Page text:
alerts are lost. With drop you can get a short information of wich
alerts are logged. This contains of the signature, the IP addresses
and ports (if ther are any) involved in the process together with the
timestamp. This values are either send to a list of recipients and if
this is not possible the alerts are written to syslog or stdout. (Think
of a network problem: No E-Mail can be sent so we write to stdout or 
syslog.) So effectively you only loose some network headers and the

And finally: Yes, first I thought on a temporarily buffering of alerts
by writing them to disk. But then you have the same problems we already
discussed with barnyard. Additionally there is a further problem: When
and how will you reload these alerts? Will you stop reading from the
unix socket until all data is read in from disk? Or should we create
a third thread, mixing up with the other by storing the alerts again
in memory? Think of a disturbed network where you can't reach the
cental server. All alerts will fill up memory, where dumped to disk
and reread until you have to redump them again? And what is with the
alerts ariving from snort inbetween?

So there are a lot of problems with this approach.

If you assume that sockserv will not die due to an unknown behaviour
like power shortage or something else. Then let us start a small
calculation: The alert information together with the payload of a
full saturated (MTU) packet is less than 3 kB of memory (to be more
precisely 1360 Byte + 1514 Bytes). Now memory is quite cheap so I 
assume you may have 300 MB (it's easier to calculate) of memory
available solely for sockserv. Then you can buffer up to 100,000 
alerts until you are running into problems. And this is for the case
that all alerts use the maximum MTU size of Ethernet...

A problem could arise if you have to restart or replace sockserv.
But I guess you won't do this on a heavy attack...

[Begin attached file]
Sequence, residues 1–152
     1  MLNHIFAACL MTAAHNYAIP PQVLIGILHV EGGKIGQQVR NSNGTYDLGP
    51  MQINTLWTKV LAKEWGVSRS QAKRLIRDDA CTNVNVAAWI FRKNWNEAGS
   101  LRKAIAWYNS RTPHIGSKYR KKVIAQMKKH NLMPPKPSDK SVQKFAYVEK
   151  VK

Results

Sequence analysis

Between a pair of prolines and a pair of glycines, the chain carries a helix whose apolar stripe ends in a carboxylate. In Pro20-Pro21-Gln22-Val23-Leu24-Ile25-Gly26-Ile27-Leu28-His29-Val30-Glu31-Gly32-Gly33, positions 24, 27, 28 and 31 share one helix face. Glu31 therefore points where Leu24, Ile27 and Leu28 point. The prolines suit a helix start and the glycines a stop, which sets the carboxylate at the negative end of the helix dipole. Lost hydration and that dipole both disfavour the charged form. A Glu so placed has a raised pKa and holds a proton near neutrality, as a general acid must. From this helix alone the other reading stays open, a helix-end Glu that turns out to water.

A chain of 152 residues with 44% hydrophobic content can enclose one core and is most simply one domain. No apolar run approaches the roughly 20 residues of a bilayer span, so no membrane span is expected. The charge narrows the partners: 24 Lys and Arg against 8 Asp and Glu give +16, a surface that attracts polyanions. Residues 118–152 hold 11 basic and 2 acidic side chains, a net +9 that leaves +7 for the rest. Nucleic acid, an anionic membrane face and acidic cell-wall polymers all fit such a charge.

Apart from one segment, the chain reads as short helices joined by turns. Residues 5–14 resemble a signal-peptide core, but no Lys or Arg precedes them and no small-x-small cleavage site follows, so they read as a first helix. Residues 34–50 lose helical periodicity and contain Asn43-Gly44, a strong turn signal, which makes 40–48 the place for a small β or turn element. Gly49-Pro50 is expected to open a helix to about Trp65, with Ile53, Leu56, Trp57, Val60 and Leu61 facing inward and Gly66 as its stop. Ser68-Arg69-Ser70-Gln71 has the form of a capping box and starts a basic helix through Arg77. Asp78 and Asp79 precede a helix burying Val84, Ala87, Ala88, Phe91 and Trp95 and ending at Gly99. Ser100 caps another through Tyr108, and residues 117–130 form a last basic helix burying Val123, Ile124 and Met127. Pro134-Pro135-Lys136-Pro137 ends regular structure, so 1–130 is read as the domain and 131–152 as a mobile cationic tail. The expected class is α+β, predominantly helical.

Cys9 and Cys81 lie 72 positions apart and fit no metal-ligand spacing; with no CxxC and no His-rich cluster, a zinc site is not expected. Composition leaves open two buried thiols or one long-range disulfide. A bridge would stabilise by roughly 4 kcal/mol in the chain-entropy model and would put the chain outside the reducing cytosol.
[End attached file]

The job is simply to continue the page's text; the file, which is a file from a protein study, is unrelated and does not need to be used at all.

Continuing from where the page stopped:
> Also, any plans to do much of the same thing with servsock (like 
> if the DB somehow become unavailable for an extended length of time)? 
> I can think of a couple of circimstances that may cause either the DB 
> and/or servsock to become 'unavailable' (such as a server reboot, DB 
> cleaning, etc). This also adds more points of failure, where if one 
> component dies, events could be lost to /dev/null.

Hmm, this is a little bit more complicated. I don't know how I can
identify problems with the database connection within servsock. But
the good thing is: Good databases will never die ;-)
In fact databases will rarely die and my project assumes that the
database is running on the same host as servsock. Otherwise we can't
feed the database via an unix socket... So a reboot is no issue. DB
cleaning could be: but this can be done online. Then maybe servsock 
will work a little bit slower...

> Anyway, the project definately looks cool and I am glad see there 
> is a real alternative to unified out and barnyard out there. 

Fine, give it a try and give me a note how it worked...

Finally one note to sguil: I just took a look at the project site
and TCL/TK is not really my world. But if I understand it the right
way than it seems to be a more complex system than FLoP...
Which database design are you using? I think it is the same one as
of snort/ACID? Did you ever think about the possibility to store the
whole pcap data in the database? This should make it unnecessary to
store them on disk on a separate way.

Best regards